The latest X-Men film comes in under a tonne of interest as it’s based on the iconic storyline, the Age of Apocalypse. Continuing the timeline reset, which began with X-Men: First Class, the ninth film in the franchise continues the adventures of the pioneer mutant superhero group whilst introducing new characters as well. This time around, new heroes and villains such as Psylocke and Apocalypse enter the fray against younger versions of Cyclops, Jean Grey and Nightcrawler, making this one of the biggest X-Men films ever made. But is it one that measures up to the hype or is it a mutant superhero adventure that’s just more fizzle than pop?
The Story X-Men: Apocalypse starts off with the revelation of an ancient evil, who just so happens to be the world’s first mutant named En Sabah Nur. The story reveals that the evil entity was buried deep in Egypt, only to be resurrected in the film’s timeline, which is the 80s. Rising to power, the evil mutant assembles four followers to help him bring balance to the world by virtually destroying everything mankind has built. Professor X and Mystique, upon discovering the plan, immediately set forth trying to stop the villain and his followers from carrying out their plan. But trouble brews when they discover that their old friend, Magneto has aligned himself with on the opposing side. With a team of new young mutants in tow, the X-Men mount a challenge to help defend the earth from Apocalypse.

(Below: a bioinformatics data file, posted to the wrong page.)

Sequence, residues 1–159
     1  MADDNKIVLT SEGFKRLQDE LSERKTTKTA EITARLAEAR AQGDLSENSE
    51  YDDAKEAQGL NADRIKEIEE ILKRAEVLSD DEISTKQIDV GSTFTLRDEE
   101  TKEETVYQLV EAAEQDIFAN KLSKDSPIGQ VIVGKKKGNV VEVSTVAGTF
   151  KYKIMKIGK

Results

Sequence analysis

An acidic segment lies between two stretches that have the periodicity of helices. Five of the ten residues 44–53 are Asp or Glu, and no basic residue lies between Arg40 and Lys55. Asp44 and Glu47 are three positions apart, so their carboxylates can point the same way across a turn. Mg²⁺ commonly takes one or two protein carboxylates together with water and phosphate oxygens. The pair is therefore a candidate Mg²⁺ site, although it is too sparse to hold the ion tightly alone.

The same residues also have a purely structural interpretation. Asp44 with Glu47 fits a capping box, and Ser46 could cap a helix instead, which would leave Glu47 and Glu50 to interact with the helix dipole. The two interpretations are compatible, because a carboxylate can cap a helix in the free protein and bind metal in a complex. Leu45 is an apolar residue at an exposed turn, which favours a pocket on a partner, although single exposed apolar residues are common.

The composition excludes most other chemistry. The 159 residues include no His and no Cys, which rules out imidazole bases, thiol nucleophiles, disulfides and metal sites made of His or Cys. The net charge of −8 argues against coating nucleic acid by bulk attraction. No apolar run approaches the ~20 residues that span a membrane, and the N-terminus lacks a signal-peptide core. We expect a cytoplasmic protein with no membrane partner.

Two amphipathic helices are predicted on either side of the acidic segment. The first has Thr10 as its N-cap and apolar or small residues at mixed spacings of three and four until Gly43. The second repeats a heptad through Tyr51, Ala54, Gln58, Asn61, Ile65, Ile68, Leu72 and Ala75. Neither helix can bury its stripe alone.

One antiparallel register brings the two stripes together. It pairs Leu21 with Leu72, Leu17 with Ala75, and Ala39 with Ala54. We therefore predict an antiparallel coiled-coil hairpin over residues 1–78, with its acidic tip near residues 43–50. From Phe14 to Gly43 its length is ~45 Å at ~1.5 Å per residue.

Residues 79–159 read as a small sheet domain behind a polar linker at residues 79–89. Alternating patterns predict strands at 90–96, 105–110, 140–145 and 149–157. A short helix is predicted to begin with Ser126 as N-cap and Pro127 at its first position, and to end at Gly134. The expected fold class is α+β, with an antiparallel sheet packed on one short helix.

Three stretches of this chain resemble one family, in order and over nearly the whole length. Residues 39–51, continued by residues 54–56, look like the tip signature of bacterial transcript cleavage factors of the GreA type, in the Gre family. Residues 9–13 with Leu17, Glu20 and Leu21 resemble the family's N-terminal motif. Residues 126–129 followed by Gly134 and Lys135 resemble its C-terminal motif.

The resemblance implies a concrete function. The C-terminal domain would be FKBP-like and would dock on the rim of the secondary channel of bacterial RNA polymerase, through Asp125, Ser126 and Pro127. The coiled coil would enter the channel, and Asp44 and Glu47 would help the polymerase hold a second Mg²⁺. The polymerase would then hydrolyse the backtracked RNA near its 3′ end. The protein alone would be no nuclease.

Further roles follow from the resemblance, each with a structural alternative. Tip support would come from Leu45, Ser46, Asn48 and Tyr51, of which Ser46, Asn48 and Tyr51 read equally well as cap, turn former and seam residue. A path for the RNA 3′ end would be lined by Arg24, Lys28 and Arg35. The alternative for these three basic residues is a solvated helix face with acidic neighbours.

What Worked The timeline set carries a good continuation between First Class and Days of Future Past, especially as it charts the progress of the three main characters. It’s also nice to see the new younger versions of characters such as Cyclops, Jean Grey, Nightcrawler and Storm as well as the new introductions, Psylocke and Angel.
What Didn’t The convoluted and nonsensical storyline and massive plot gaps. The film suffers from a number of pacing issues as it hops from one special effect laden set piece after another. It also attempts poorly to go into serious and dark territory. Apocalypse also fails to use its main villain effectively, which is a waste considering the rich background story the character has.
Plus Points The emergence of the new mutants, the continuation of the X-Men storyline and the cool cameo appearance of Wolverine.
Conclusion The third film in the rebooted X-Men series is arguably the worse in the series as it drones on without a soul. The curse of the franchise continues with the third instalment, which is funny because it strays into the very same disastrous path that The Last Stand did. Overall, it’s a film to go watch only to satisfy your curiosity or if you’re an X-Men fan. And that is a pity too considering the fine job 20th Century Fox did with this new rebooted franchise.